Discover the Joys of Traveling Safely with Pets
Whether you and your pet enjoy local outings or vacations, make the Traveling with Your Pet pages your first stop for insight and recommendations from AAA travel experts.
For everyday fun, check the listings of dog parks and pet friendly national public lands, or search the attraction and restaurant listings for places to play and eat.
For getaways that involve overnight stays, explore the hotel and campground listings, articles on important pet travel considerations — plus helpful links — and listings of emergency animal clinics.
And wherever you go, capture the fun on camera and submit your favorite shot in the quarterly pet photo contest. Check out the irresistible entry photos and place your vote, and see previous winners honored in the Pet Photo Gallery.
Make every adventure with your best friend a safe and enjoyable trip to remember. Read more
The first step in ensuring your pet’s well-being during a vacation is to train her to ride in the car. AAA recommends that you restrain your pet in the back seat of the vehicle to avoid distractions as well as to protect the animal and other passengers in the event of a collision. The front airbag can be deadly to a pet during a crash, even if the pet is restrained. Options for restraints include harnesses and crates that can be strapped down.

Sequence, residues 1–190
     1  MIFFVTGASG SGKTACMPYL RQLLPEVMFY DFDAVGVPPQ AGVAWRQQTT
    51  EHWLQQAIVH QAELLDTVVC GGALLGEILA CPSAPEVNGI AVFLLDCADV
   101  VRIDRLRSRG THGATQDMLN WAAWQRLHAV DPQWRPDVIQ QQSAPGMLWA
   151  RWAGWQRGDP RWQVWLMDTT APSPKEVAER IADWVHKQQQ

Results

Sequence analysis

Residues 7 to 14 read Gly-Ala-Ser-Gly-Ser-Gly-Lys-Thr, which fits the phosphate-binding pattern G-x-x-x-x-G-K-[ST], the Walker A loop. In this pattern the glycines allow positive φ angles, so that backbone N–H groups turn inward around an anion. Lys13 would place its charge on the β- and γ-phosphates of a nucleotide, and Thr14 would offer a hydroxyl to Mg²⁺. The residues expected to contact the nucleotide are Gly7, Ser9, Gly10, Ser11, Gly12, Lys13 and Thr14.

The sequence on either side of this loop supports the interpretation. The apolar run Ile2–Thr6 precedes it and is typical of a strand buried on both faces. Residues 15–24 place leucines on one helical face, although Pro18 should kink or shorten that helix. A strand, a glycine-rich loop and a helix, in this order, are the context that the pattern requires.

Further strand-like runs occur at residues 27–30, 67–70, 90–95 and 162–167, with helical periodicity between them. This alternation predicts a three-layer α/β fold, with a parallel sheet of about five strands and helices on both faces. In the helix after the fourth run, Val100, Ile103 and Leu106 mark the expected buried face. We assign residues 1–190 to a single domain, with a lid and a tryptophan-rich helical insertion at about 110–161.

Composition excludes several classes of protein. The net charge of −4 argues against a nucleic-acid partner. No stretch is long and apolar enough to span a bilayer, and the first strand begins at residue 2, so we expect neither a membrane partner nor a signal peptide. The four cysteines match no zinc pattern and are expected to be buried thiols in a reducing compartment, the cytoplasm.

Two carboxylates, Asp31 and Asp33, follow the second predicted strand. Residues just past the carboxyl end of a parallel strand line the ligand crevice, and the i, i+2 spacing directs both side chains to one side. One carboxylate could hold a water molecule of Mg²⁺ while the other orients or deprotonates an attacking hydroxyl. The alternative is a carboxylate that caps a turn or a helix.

To help prevent car sickness, feed your pet a light meal 4 to 6 hours before departing on your trip. Do not give an animal food or water in a moving vehicle.
Never allow your pet to travel in the bed of a pickup truck. It’s illegal in some states; he also can jump out or be thrown, endangering himself and others on the road. Harnessing or leashing him to the truck bed is not advisable either: If he tries to jump out, he could be dragged along the road or the restraint could become a noose. Avoid placing animals in campers or trailers as well. If your pet cannot travel in the car with you, leave him at home. Read more
Pet Travel was founded in 1986 by a travel agent and his best friend, a Shih Tzu named Ruggles. Despite the interest in traveling with a pet, hotels did not advertise themselves as being pet friendly. After much researching, he launched a website, dedicated to providing pet friendly hotels and other information to people traveling with a pet. After a name change several years later, PetTravel.com was born.
Today, all of our employees work full time providing accurate and up to date information on pet passport and pet immigration information for almost every country in the world. Pet Travel is referred by the USDA and CFIA (Canada) as well as numerous embassies, the State Department, and military agencies worldwide. We are also referred by all the major airlines for pet travelers with questions on traveling by air with their pets. Read more